NATO's chief has welcomed the new arms control agreement between the United States and Russia.
Speaking at a security forum in Brussels Saturday, Anders Fogh Rasmussen said the new treaty could encourage additional cooperation between Russia and NATO countries.
The pact reduces the number of nuclear weapons that the United States and Russia could deploy by about one-third.
The deal still leaves both countries with a nuclear arsenal of about 1,500 warheads.
It must be ratified by the U.S. Senate and the Russian Parliament before it takes effect.
U.S. President Barack Obama called the treaty the most comprehensive arms control agreement in nearly two decades.
A spokeswoman for Russian President Dmitri Medvedev told a Russian news service that the pact reflects both countries' interests.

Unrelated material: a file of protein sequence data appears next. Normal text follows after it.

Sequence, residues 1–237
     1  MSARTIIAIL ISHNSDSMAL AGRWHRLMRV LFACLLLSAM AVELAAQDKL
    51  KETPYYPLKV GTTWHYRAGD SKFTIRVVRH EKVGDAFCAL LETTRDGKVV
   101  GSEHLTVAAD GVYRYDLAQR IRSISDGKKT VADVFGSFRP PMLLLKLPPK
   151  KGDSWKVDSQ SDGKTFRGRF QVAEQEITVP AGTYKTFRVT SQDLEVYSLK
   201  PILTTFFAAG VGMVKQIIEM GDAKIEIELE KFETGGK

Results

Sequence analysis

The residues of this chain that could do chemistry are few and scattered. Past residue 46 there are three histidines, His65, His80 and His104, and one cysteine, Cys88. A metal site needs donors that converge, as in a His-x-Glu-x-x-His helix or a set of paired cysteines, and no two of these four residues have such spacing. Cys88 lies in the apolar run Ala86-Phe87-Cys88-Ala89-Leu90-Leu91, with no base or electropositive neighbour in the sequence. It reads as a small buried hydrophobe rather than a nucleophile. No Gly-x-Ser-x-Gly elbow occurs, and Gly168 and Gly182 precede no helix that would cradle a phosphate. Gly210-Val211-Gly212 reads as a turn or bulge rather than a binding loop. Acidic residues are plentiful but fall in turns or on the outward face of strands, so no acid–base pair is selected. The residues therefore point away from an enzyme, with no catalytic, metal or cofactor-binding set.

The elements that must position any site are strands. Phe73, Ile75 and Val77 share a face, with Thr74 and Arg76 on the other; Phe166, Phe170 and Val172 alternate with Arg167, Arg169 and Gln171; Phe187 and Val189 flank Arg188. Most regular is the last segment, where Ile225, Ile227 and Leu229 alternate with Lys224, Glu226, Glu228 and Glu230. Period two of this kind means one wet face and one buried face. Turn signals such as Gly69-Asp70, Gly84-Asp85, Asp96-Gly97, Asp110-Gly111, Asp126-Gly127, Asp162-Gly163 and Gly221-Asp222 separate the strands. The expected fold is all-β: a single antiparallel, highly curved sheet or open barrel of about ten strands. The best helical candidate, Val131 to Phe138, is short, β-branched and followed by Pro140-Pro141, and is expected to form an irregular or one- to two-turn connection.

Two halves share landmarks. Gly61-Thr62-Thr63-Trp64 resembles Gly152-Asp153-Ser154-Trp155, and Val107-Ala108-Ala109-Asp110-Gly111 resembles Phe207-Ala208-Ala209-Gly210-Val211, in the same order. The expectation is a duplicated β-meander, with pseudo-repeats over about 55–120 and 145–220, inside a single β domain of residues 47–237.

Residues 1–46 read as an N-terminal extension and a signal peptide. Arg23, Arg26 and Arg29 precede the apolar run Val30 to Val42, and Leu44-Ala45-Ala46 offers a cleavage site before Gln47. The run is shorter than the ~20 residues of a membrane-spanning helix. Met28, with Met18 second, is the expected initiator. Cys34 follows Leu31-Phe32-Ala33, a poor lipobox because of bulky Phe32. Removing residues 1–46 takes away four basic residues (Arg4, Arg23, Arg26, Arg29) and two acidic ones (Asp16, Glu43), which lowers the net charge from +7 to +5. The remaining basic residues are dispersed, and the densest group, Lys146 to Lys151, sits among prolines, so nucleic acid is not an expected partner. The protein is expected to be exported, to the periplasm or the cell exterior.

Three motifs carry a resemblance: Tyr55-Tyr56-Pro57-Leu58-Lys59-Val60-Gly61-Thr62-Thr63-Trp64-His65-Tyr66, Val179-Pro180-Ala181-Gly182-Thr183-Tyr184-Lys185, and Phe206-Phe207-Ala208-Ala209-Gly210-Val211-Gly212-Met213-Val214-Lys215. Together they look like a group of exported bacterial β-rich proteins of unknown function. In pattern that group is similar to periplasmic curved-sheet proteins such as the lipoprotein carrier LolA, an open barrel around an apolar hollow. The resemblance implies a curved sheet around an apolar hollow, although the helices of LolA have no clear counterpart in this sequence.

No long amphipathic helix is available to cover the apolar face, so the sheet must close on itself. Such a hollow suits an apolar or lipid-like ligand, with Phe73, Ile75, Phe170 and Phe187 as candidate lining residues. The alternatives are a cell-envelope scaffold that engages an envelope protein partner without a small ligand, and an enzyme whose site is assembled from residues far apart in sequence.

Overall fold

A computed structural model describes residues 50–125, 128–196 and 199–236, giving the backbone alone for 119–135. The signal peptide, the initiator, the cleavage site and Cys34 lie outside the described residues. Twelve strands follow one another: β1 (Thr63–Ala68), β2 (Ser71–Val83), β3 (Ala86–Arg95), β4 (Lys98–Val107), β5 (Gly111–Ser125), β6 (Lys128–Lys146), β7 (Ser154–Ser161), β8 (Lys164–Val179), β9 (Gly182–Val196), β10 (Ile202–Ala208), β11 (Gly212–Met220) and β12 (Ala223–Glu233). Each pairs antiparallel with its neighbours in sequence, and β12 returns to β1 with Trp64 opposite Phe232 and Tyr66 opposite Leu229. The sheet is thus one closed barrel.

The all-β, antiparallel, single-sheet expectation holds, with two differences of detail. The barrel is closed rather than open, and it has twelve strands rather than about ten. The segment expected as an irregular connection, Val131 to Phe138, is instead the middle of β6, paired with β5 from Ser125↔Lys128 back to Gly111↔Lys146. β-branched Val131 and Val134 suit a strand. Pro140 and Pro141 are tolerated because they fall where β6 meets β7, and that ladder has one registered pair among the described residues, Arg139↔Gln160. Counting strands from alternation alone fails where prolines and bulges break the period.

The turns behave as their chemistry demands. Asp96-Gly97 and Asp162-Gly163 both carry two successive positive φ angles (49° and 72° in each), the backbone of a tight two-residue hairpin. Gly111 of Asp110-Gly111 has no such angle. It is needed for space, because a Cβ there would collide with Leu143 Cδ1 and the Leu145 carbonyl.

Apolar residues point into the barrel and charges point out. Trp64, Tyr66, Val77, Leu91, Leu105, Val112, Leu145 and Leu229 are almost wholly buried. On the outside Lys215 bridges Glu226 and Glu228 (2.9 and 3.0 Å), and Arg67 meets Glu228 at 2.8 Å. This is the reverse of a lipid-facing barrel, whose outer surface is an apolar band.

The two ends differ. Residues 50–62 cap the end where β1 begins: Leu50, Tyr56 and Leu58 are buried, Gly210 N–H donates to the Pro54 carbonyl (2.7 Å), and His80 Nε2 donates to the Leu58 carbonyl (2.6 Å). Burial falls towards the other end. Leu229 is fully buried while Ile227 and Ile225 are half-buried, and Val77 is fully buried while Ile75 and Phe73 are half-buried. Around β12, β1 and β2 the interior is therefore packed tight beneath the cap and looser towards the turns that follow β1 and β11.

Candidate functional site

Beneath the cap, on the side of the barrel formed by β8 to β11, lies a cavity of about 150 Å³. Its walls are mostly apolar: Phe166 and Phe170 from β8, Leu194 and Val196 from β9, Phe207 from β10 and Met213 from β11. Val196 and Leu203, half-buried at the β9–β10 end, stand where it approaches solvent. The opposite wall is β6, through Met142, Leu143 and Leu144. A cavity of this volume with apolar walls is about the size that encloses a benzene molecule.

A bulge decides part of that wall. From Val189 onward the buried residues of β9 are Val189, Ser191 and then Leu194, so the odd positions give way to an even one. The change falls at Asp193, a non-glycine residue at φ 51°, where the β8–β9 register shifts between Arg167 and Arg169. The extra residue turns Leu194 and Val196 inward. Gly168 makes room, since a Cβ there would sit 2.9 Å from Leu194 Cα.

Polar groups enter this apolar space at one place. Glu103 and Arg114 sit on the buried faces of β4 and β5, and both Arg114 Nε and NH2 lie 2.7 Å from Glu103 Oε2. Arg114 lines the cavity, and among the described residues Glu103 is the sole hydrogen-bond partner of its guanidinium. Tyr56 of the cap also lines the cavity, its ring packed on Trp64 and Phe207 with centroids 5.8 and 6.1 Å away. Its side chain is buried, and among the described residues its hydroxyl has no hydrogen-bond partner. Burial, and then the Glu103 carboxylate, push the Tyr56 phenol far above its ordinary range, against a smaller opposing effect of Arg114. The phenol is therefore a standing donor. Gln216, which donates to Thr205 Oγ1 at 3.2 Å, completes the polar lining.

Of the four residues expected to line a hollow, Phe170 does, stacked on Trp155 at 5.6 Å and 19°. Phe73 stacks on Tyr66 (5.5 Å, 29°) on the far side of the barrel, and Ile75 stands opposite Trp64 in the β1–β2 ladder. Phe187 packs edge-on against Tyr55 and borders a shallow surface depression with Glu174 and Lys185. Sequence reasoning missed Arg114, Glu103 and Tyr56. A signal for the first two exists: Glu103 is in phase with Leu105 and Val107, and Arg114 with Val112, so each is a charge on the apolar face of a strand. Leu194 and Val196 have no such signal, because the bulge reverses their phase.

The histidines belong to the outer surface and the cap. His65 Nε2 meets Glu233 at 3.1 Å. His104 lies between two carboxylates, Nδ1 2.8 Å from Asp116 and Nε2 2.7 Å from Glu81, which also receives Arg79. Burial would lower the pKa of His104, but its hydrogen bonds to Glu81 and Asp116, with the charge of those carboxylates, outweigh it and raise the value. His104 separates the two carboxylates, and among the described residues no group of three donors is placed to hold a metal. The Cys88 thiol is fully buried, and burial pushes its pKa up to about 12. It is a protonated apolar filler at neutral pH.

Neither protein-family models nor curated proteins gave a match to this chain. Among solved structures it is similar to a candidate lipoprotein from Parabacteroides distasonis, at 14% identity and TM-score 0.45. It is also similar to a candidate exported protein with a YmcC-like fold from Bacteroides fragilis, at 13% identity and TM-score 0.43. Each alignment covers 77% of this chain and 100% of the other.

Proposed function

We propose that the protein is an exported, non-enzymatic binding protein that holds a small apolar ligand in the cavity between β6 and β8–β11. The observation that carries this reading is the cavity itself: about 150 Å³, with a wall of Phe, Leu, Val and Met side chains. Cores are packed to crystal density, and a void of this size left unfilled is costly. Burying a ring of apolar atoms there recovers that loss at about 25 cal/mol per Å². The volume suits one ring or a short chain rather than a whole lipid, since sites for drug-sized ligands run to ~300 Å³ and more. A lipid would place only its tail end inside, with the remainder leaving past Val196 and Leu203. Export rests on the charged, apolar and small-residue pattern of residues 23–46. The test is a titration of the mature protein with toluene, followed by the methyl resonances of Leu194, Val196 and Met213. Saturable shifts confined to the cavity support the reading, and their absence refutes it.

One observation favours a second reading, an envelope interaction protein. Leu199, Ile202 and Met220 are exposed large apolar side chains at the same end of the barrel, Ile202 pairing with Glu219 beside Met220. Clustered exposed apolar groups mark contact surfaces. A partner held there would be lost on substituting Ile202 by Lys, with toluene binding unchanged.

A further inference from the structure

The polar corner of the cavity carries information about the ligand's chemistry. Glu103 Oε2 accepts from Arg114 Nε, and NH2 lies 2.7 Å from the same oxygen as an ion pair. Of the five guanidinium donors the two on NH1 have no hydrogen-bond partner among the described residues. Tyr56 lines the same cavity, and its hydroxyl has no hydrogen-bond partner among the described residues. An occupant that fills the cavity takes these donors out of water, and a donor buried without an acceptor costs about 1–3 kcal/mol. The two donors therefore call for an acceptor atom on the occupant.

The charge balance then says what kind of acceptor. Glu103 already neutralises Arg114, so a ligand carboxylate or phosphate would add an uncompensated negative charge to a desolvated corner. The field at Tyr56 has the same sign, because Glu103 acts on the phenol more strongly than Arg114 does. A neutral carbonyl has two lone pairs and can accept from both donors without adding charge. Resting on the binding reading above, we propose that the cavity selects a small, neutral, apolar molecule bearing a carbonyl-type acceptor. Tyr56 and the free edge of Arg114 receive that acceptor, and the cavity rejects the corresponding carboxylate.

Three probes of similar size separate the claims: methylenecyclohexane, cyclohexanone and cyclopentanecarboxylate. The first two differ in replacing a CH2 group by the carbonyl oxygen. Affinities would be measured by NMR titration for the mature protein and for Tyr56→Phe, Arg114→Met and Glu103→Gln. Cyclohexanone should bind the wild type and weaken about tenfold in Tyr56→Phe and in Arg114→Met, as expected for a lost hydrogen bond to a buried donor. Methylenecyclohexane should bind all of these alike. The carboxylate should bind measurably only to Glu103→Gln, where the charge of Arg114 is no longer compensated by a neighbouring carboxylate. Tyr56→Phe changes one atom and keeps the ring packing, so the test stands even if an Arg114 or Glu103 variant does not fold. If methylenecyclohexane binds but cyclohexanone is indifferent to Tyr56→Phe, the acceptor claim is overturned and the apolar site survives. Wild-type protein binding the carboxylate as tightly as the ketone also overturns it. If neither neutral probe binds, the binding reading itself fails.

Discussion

The two leaders are to sign the treaty April 8 in Prague.
U.S. Secretary of State Hillary Clinton said the pact will give Russia and the United States more credibility in non-proliferation and in dealing with countries like Iran and North Korea on nuclear issues.
Republican Senator Richard Lugar, a long-time champion of nuclear arms control efforts, welcomed Friday's announcement and said he looked forward to working quickly to "achieve ratification."
U.N. Secretary-General Ban Ki-moon called the treaty an "important milestone" and said he believed it would give "significant impetus" to a U.N. conference in May to review the global Nuclear Nonproliferation Treaty.
The new 10-year treaty will replace the Strategic Arms Reduction Treaty (START 1 agreement) signed in 1991 by U.S. President George H.W. Bush and Soviet President Mikhail Gorbachev. That treaty came into force in 1994 but expired in December.
U.S. and Russian negotiators have been working for nearly a year on the new pact.
Verification issues and Russian opposition to U.S. plans for a missile defense system in Europe had been holding up major progress in the talks.
Some information for this report was provided by AFP and AP.